“And they came to Jesus and saw the demon-possessed man, the one who had had the legion, sitting there, clothed and in his right mind, and they were afraid. And those who had seen it described to them what had happened to the demon-possessed man and to the pigs. And they began to beg Jesus to depart from their region. As he was getting into the boat, the man who had been possessed with demons begged him that he might be with him. And he did not permit him but said to him, “Go home to your friends and tell them how much the Lord has done for you, and how he has had mercy on you.”And he went away and began to proclaim in the Decapolis how much Jesus had done for him, and everyone marveled.” (Mark 5:15–20 ESV) Not only does Jesus heal a demon-possessed man - he tells him to not follow him in his ministry (predominantly to the Jew), but to go back to his country as a witness and a testimony to his healing so that his family and his town (Gentile Romans) might believe in the Lord! A clear example of Jesus wanting the Gospel of the kingdom to spread not only to the Jew but to the Greek as well (parallels nicely with Matt. 28 I might add).
My friend these are not the only examples either - they are plentiful throughout the gospels.
It is true that Jesus "primary" ministry during his lifetime was to the Jews as evidenced by this passage:
“These twelve Jesus sent out, instructing them, “Go nowhere among the Gentiles and enter no town of the Samaritans,but go rather to the lost sheep of the house of Israel. And proclaim as you go, saying, ‘The kingdom of heaven is at hand.’” (Matthew 10:5–7 ESV)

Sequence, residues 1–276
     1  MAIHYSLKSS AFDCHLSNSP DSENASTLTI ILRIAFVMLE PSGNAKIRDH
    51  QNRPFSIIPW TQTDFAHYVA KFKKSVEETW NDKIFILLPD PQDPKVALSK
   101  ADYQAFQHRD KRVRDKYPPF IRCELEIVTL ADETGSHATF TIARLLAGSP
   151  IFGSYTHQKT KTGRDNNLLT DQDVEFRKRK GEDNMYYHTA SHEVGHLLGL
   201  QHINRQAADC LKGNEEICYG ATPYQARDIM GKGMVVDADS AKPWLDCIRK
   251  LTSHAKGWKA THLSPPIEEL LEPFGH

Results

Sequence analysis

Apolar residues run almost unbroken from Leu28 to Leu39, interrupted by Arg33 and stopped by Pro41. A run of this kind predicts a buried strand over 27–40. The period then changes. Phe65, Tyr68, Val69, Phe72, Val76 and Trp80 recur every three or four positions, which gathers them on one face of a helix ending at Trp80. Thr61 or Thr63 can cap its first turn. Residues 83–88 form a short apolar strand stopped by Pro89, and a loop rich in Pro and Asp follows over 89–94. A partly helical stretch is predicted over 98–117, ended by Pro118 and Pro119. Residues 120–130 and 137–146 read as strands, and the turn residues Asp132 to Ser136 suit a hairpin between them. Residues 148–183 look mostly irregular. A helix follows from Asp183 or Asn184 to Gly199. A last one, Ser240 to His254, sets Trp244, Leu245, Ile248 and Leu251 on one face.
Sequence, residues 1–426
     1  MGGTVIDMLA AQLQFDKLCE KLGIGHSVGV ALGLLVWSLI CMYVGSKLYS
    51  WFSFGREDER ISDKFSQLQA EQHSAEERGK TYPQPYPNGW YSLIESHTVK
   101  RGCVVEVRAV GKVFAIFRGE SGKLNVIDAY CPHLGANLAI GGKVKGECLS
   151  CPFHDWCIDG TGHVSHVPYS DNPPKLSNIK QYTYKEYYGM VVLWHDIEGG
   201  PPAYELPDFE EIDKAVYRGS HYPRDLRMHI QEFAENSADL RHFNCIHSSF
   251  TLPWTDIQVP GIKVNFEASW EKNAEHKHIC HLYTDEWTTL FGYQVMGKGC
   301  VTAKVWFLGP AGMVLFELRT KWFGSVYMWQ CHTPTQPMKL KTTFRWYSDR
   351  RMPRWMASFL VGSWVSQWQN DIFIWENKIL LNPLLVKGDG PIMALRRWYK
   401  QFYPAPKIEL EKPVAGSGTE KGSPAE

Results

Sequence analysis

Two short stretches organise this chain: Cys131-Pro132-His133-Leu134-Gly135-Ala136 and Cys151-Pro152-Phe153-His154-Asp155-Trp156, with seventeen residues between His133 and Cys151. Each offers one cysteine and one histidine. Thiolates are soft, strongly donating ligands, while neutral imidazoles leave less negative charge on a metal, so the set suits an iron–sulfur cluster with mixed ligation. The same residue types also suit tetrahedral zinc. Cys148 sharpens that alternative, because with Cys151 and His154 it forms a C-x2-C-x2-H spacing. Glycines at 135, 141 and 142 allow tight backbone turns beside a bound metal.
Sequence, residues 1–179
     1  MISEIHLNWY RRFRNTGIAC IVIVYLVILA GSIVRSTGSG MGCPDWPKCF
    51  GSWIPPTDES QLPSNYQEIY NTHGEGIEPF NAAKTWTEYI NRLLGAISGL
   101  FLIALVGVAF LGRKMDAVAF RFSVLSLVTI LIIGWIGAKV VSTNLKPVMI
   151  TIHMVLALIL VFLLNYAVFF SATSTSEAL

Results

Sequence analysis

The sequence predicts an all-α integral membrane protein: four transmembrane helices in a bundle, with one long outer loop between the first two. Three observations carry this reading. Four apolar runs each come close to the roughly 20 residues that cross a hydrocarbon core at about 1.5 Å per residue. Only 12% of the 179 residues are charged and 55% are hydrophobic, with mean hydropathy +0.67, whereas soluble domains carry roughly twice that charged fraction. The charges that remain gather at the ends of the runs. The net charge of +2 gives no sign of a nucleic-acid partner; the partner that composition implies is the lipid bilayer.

There are a number of reasons why Jesus' earthly ministry was predominantly to the Jew - one he was Jewish, two he lived in a Roman province (Judea) that did not look too kindly on insurrection, three his ministry only lasted three years and encompassed a very small area (Galilee, Judea, Perea, and smaller incursions to Samaria, Sidon, and the Decapolis). Which is why Jesus told his disciples in the Upper Room the following:
“Believe me that I am in the Father and the Father is in me, or else believe on account of the works themselves. “Truly, truly, I say to you, whoever believes in me will also do the works that I do; and greater works than these will he do, because I am going to the Father. Whatever you ask in my name, this I will do, that the Father may be glorified in the Son.” (John 14:11–13 ESV)
You might ask - How is it possible that the disciples would do works greater than Jesus?!? A good question - Jesus is referring to works that are greater in the sense of extent - greater in the sense of breadth. The disciples would outlive Jesus (and by that I mean abide on earth after Jesus had ascended into heaven) and their ministry would extend to all of the known world - Peter's sermon in Acts 2 produced 3,000 Jewish converts - much more than Jesus had during his earthly ministry. This was only the beginning though as the Gospel spread from Jerusalem to Judea to Samaria to the Mediterranean Coast and eventually to the heart of the Roman Empire. My point in all of this is to say that Jesus' plan was two-fold - in My life I want to build a foundation of followers (the disciples and a few hundred followers 1st part complete) which My death and resurrection will be the focal point and leaping pad by which the second part will take and proclaim my Messiahship to the Jew first and then the Greek (second part is still going and will not be completed until the Christ returns in glory and redeems His people, Israel).
Sorry for the length - but I wanted to make it clear that Matthew 28 was not an add-on to Jesus' message - it was all part of the divine plan from the beginning.
See you at practice,
Stay tuned for part two